Robert Holmes a Court – Australia’s First Billionaire?

I have enjoyed sharing with you an ongoing series about some of the most successful people on the planet, including Richard Branson, Mark Zuckerberg, Aristotle Onassis and Andrew Carnegie (look back through my website for these stories). I haven’t yet written about another of my heroes – an Australian – Robert Holmes a Court (though he was born in Johannesburg!)

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While it is not certain, there are many who believe that Robert Holmes a Court was Australia’s first billionaire. Holmes a Court rose to national prominence in the heady 1980’s business boom, alongside characters like Kerry Packer and Alan Bond. His journey from South Africa to Perth to build his corporate fortune is one that fascinated me as a teenager.

I wasn’t quite sure what “corporate raider” meant, but I did know that he made many millions of dollars on each and every audacious deal he set his mind to – even if he did not succeed in winning control of the company he was trying to take over.

Holmes a Court started his professional life in Australia as a lawyer in 1968 after obtaining his degree at the University of W.A. One of his jobs was the administration of an Albany Wool company that had gone broke. He took it over, turned it around this started a pattern that would describe his business success. His next purchase was a majority interest in Bell Brothers, an earthmoving group in 1976. An audacious bid for Ansett in 1979 ended with him selling his interest for a profit of $11M to News Corp. He made a profit of $16M in his unsuccessful bid for Elders Smith Goldsborough Mort in 1981, pulling out of the full takeover. His reputation as a skilled corporate raider was now fully developed.

Holmes a Court’s zenith is remembered as his bid for BHP – his company Bell Resources acquired almost 30% and a seat on the board of one of the biggest miners in the world, before selling his interest for $2.3BN right after the October 1987 stockmarket crash. Famously, Bell Group was bought by Alan Bond, who later ended up in jail for stripping the company of cash assets.

In short order following the crash, Holmes a Court disposed of a total of $5BN in assets, while buying rural properties, London theatres, vineyards and a horse stud. It was both a rebuilding phase and what looks to me like the next chapter in his life – moving on from raiding and enjoying the fruits of his labour.

He is known to have worked 18 hour days, often spending months on acquisitions. He did not make quick decisions to acquire assets, but would often drop those same targets at the last moment. He had a quick mind and an acerbic wit. Many saw him as aloof and a bit arrogant. I prefer to think that he liked to keep his thoughts to himself and was a very private man. He had a quiet manner and voice, and while courteous, could be ruthless in the next instant.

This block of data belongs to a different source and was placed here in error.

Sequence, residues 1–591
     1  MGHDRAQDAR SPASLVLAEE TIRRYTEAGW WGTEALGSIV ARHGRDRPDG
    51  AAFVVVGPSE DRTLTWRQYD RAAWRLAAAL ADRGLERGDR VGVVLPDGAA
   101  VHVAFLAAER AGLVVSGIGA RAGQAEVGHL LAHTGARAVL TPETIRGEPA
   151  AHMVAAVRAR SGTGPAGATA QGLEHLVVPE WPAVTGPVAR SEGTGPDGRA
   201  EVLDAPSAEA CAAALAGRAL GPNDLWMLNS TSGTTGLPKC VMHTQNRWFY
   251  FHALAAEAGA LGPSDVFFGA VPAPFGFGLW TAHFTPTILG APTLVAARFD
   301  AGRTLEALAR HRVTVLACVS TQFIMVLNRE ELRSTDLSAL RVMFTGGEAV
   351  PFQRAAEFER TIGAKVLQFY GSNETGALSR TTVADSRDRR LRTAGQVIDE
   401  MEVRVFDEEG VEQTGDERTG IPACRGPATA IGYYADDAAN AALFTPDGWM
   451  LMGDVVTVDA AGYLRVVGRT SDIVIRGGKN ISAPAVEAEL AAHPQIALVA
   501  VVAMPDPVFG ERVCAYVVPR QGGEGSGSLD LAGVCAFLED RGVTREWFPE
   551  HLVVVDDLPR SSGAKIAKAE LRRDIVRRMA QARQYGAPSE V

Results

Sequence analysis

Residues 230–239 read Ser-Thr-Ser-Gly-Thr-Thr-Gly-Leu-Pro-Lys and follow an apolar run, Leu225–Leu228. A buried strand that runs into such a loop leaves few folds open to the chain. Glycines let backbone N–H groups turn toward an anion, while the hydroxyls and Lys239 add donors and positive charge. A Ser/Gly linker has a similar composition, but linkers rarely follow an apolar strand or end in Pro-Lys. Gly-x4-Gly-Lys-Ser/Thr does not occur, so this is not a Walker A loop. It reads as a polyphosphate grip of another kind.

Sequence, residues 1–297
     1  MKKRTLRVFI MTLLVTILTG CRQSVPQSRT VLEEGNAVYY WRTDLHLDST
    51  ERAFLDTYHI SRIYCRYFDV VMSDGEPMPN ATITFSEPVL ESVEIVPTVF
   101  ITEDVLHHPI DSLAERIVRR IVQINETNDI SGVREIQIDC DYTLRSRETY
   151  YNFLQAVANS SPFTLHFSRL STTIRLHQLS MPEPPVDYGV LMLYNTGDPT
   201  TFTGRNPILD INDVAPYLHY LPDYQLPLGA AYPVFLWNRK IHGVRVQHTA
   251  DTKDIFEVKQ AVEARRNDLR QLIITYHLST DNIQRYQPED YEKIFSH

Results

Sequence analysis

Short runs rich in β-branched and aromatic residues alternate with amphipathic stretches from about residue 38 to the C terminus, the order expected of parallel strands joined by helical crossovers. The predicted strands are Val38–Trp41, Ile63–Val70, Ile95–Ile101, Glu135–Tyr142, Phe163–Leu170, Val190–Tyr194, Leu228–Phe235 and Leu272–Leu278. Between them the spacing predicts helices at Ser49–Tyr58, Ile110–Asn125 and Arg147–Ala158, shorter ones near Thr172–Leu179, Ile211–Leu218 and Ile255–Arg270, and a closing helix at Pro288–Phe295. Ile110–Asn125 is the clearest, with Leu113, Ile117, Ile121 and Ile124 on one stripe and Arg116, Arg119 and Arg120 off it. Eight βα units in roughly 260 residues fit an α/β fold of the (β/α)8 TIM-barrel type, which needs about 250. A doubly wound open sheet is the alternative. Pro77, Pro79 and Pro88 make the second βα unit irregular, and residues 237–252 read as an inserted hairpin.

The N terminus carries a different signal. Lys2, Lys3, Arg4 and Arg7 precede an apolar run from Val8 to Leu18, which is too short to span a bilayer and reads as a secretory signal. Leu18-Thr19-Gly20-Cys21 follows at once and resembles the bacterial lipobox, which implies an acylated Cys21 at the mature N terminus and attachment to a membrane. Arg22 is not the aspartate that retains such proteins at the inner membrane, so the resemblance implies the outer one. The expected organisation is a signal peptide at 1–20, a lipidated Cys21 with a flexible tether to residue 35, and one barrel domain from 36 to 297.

Tragically, in 1990, he died at the young age of 53, from a heart attack. He was a heavy smoker who suffered from diabetes.  His assets were estimated at the time to be in the order of $800M. Holmes a Court was reported to have died without a valid will. He is said to have carried an unfinished one around in his briefcase, but never signed it, seeing that act as an admission his disease could beat him. A valid will would have eased the life of his family in the transition period. It is almost unthinkable that a qualified lawyer, as intelligent and business savvy as he was, could not have prepared in such a way.

His wife Janet was left to pick up the pieces of a diverse business empire, which took decades. Janet Holmes a Court earned much respect in her work through of the business empire and now leaves that work to her children. She is well known as a patron of the arts and at one time was known as Australia’s richest woman.

So what can we learn from Australia’s first billionaire?

  1. Focus and hard work are necessary to succeed – 18 hour days helped propel his success.
  2. Speak softly but carry a big stick – being polite & courteous can win you friends, but you need to be strong and tough when required.
  3. Don’t be too quick to acquire an asset – do your solid research and be prepared to walk away if the deal isn’t right.
  4. Aim high – he tilted as some of the world’s biggest companies.
  5. There will be a point in your life when it will be time to enjoy what you have created – the trick is to know when this occurs.
  6. Having a legal will is one of the most basic wealth preservation tools available – if you don’t leave a will, the Government may decide who gets your wealth and your loved ones will have no say.
  7. Heavy smoking is not conducive to a long life.

I salute Robert Holmes a Court for his audacity and vision which led to his amazing success.

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